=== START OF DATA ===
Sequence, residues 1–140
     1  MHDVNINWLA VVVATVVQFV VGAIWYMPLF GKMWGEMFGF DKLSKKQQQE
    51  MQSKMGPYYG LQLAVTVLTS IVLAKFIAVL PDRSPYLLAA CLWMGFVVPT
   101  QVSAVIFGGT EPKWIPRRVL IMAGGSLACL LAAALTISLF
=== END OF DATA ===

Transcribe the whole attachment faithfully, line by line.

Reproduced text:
Sequence, residues 1–140
     1  MHDVNINWLA VVVATVVQFV VGAIWYMPLF GKMWGEMFGF DKLSKKQQQE
    51  MQSKMGPYYG LQLAVTVLTS IVLAKFIAVL PDRSPYLLAA CLWMGFVVPT
   101  QVSAVIFGGT EPKWIPRRVL IMAGGSLACL LAAALTISLF